Lightly sparkling and faintly fruity, the traditional European drink known as perry has found an ideal production climate and a craft-beverage-loving population in the Pacific Northwest. The surge of enthusiasm for the Old World fermented pear beverage began with cider makers who were looking for new ways to use fruit, and continues to grow as drinkers fall in love with perry’s clean crispness, which nestles somewhere between Champagne and apple cider.
Perry is made using a method similar to that for making cider, by crushing the pears and fermenting the juice with yeast. But the key to the flavor comes mainly from the pears themselves, specifically any of the many varieties known as perry pears—bitter, hard, gnarled siblings of traditional dessert pears that undergo a fairy-tale-like transformation to become this delicate drink.
“Good perry needs good pears, and ours rock,” says Jill Lightner, who served on the board of the Northwest Cider Association for many years. Washington and Oregon together produce 84 percent of the pears grown in the U.S., and many of the local perry makers have stumbled upon heirloom stashes of the tannic, nearly inedible types of pears best for making it, the fruit found growing on trees planted ages ago and, until now, going to waste. In the past five years, more and more perry has appeared on shelves. Lightner attributes this to our region being “full of nerds with fruit trees who love tinkering.”
And tinker they must, says Tim Larsen of Wenatchee-based Snowdrift Cider Co., which produces two styles of perry annually. “Perry is much more difficult to make than cider,” he explains. One reason: Pears are high in citric acid—which easily converts to vinegar during fermentation if the producer isn’t careful. But properly made perry, Larsen says, matures and softens with the aging process, resulting in a mild beverage that doesn’t scream of the fresh pears that went into it. Lightner agrees, suggesting that the best perry “needs to whisper, ‘Pssst, hey, over here, a pear,’ to get your palate’s attention, and should disappear right as you’re thinking about it.”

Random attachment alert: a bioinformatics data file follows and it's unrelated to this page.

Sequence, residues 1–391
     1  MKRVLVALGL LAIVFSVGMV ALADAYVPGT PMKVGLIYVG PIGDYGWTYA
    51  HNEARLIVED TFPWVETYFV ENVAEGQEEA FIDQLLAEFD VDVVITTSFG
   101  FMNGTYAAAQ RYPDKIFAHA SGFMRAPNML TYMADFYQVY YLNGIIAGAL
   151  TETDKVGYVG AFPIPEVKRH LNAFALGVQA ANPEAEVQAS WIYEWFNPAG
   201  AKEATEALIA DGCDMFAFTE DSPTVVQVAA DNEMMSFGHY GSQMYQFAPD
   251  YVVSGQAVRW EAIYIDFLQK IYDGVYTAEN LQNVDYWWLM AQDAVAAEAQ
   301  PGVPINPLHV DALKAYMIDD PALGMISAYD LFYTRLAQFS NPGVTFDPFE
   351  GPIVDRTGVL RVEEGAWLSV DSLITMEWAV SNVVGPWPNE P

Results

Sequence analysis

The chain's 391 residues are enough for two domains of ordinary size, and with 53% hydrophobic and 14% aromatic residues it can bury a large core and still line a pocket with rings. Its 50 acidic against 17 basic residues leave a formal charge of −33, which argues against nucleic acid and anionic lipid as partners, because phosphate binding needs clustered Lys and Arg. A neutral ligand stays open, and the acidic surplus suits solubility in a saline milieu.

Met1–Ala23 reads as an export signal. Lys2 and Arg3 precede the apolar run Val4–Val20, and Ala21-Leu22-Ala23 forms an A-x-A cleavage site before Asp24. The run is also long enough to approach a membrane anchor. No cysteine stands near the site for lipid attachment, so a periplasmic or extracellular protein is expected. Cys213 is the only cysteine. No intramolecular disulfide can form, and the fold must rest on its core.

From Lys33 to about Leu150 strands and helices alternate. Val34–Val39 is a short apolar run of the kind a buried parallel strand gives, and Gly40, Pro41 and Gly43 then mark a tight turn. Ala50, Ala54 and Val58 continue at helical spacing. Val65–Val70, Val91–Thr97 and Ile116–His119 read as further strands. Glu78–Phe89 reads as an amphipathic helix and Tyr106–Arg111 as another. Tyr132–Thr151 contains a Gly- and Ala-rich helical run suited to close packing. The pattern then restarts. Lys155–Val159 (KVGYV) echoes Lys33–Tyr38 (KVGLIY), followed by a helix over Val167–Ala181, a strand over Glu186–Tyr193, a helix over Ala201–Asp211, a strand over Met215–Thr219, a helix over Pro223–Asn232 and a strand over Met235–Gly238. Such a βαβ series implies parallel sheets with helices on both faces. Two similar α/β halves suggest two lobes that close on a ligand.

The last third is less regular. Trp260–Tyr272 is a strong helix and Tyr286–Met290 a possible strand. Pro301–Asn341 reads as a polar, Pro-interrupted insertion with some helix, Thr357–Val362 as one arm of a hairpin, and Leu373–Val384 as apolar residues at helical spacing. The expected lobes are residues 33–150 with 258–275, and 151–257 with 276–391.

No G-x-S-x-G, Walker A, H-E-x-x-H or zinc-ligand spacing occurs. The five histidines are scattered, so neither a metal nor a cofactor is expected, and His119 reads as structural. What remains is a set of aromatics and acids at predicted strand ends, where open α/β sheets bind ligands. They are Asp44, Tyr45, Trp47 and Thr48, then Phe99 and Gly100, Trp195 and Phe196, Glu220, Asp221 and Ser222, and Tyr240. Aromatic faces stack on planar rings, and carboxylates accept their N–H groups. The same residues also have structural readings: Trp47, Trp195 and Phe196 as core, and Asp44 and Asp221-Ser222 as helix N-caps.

That subtleness can take many forms, from the dry, tannic Finnriver version to the fruit-forward Dragon’s Head perry. Others, such as the Snowdrift Reserve, are subject to méthode champenoise for a final in-bottle fermentation, leaving the perry drier and with a bit of yeastiness. But perry remains less alcoholic than most wines, rarely going over about 8 percent alcohol by volume (ABV), and sometimes closer to beer at 5 percent. Perry, like Champagne or white wine, can fall anywhere in a range from sweet and fruity to tannic and mineral, but ultimately, most are like sheets fresh from the wash: clean, dry and pleasantly aromatic.
The delicacy of perry requires a bit of thought when it comes to knowing what to serve it with, to avoid overwhelming the subtleties of the pear flavors. “I’ve never met a perry that didn’t benefit from being well chilled,” says Lightner. Beyond that, she generally suggests serving it with milder aged cheeses and sweeter shellfish. Perries can be hard to find at grocery stores, but larger liquor stores and specialty bottle shops will stock them.
Nashi Ochards Imamura Aki
$25 for a four-pack of 6.7-ounce bottles. Vashon Island’s Nashi Orchards puts a unique spin on the perry genre by using Asian pears for the bulk of the flavor, in combination with perry pears for added structure. Though the initial smell is a bit sulfuric, the flavor is crisp, with hints of plum but none of the sweetness, finishing with a refreshingly sharp edge (6.7 percent ABV). Pairs with: Excellent on its own or with raw fish dishes like sushi or crudo.
Dragon’s Head Perry
$18 for 750-milliliter bottle. Another perry from Vashon, this one is a mix of Taylor’s Gold pears, English perry pears, fruit from 100-year-old homesteader trees and Vashon seedling pears. It enters with a bit of sweetness: Almond and honey flavors come forward with enthusiasm and effervescence before washing away in the lightly astringent finish (6.3 percent ABV). Pairs with: Will stand up to spice and heartiness, so go with a Thai curry.
Snowdrift Reserve Perry
$20 for 750-milliliter bottle. Made from a combination of eight different perry pears, the resulting beverage is hefty and full of fermented pear flavor. Use of the méthode champenoise mutes the sweetness and produces a juicy but balanced perry that is much like a classic apple cider in flavor and structure (8 percent ABV). Wenatchee-based Snowdrift’s other perry, a Seckel pear varietal, is also worth seeking out. Pairs with: Buttery pasta, Beecher’s Flagship cheese.
$22.99 for 750-milliliter bottle. Neighbors bringing by “crates of gnarled pears” from an old orchard inspired this pink-hued blend, produced by Finnriver in Chimacum (located near Port Townsend on the Olympic Peninsula). An intense dryness, even with a touch of added sugar, gives the pear flavor more room to play. High tannins and hints of grapefruit make this tough to drink on its own, but it proves balanced and exciting in partnership with rich foods (6.3 percent ABV). Pairs with: Creamy cheeses like Brie or Camembert.
Tieton Cider Works Sparkling Perry
$12.99 for 500-milliliter bottle. This blend of 11 different perry pears from the Yakima-area cidery is not quite as dry as many of the others, letting the pear flavor skew toward that of biting into a fresh dessert pear. The gentle effervescence and full body (5.5 percent ABV) make it approachable and versatile—a perry that’s difficult to mismatch or disagree with. Pairs with: Excellent alone or with halibut.